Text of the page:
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We are having the wrong debate about Biden’s decision on liquefied natural gas

The climate impact of natural-gas exports depends on what they’re replacing in the importing countries—and the steps we take to clean up the supply chain.

LNG (Liquified Natural Gas) tanker anchored

Late last month, the Biden administration announced it’s suspending permit applications for exporting liquefied natural gas (LNG) as it reevaluates the economic, environmental, and climate impacts of the fuel.

LNG is produced by cooling natural gas into a liquid state, making it easier to store and ship to overseas markets. Natural gas itself has been a core but controversial part of the clean-energy debate for decades. When burned, it emits about half as much greenhouse gas as coal. Its use has helped drive down emissions from the power sector in some nations, including the US. But natural gas is mostly made of methane, a powerful greenhouse gas. Methane leaks along the supply chain, from production through shipping, threaten to erode the benefits natural gas offers as a cleaner-burning fuel. 

Immediate reactions to the government decision have been predictable. Some environmental organizations hailed the announcement as a much-needed course correction, arguing that it could help the US meet its global climate commitments. Industry trade groups, in turn, have attacked the decision. They insist it’s a counterproductive way to cut greenhouse-gas emissions, and one that will undermine the nation’s energy security at a moment of growing geopolitical volatility.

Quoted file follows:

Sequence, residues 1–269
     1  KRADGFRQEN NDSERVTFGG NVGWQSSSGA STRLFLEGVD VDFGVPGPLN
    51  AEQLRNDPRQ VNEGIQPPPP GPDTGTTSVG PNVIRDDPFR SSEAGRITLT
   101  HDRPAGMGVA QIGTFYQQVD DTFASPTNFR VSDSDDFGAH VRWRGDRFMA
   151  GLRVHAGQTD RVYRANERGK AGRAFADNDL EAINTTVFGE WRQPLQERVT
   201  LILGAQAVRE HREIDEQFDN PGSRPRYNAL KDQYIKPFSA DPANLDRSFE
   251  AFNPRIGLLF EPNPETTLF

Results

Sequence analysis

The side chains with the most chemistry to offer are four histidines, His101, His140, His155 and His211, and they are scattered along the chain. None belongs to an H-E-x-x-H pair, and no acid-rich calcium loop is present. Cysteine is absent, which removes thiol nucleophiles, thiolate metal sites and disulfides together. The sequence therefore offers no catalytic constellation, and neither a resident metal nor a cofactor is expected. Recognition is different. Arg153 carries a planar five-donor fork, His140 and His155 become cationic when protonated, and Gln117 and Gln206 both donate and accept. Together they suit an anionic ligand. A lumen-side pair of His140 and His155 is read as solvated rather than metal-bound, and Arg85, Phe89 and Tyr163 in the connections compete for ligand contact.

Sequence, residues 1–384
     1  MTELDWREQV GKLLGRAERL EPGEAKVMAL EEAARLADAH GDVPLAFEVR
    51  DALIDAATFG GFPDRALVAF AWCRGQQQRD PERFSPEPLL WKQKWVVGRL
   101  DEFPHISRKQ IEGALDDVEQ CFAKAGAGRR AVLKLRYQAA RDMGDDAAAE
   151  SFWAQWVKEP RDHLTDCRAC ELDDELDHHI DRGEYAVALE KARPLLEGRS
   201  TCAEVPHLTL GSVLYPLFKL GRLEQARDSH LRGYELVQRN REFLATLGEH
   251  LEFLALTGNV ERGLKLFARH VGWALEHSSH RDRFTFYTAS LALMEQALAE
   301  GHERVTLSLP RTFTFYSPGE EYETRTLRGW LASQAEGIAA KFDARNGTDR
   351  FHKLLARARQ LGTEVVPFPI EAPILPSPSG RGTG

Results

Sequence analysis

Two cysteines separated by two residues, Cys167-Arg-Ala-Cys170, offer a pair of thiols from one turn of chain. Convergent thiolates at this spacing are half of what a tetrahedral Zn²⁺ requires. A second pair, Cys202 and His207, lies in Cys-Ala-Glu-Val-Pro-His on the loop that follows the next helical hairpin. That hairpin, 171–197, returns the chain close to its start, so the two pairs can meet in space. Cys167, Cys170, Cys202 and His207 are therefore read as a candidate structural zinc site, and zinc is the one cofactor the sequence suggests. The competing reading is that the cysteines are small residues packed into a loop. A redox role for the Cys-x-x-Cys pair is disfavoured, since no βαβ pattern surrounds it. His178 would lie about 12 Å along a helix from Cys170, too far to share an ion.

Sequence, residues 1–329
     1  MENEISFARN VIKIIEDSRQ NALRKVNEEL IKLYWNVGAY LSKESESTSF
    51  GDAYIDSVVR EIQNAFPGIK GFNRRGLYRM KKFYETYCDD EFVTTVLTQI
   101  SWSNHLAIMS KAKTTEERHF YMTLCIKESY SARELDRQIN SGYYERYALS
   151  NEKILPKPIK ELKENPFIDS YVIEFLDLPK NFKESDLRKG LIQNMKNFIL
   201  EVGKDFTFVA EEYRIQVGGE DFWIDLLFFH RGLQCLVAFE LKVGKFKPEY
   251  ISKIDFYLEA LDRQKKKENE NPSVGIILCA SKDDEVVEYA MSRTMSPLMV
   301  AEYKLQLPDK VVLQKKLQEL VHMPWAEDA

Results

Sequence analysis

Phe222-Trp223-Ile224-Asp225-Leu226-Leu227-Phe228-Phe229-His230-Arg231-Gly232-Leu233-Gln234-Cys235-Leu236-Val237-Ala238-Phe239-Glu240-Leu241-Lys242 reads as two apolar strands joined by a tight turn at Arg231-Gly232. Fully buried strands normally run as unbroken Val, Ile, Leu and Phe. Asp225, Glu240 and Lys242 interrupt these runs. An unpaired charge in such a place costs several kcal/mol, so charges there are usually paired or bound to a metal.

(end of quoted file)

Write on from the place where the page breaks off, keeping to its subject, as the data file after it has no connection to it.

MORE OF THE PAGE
Who is right? Turns out we are asking the wrong question.

What is important is not the absolute emissions associated with any given cargo ship full of LNG that departs from the US, the largest exporter of the product. Rather, when the fuel is exported, the net climate impact depends on what it replaces in the importing country, and whether realistic alternatives produce more or less greenhouse gas.

Consider this: The Russian war on Ukraine spurred dramatic growth in US exports of LNG to Europe. That gas was used primarily in the power sector to keep lights and heat on. In a parallel universe that did not see Russian aggression, the likely scenario would be a Europe that continued to purchase gas from Russia. Yet, as evidence shows, Russian natural gas is associated with higher methane emissions compared with the US natural-gas supply chain. That’s mainly because of Russia’s particularly leaky natural-gas infrastructure, which allows vast amounts of the potent greenhouse gas to escape into the atmosphere. In this context, replacing piped Russian gas with US LNG likely reduced overall carbon emissions, even with the added emissions from shipping the fuel across an ocean.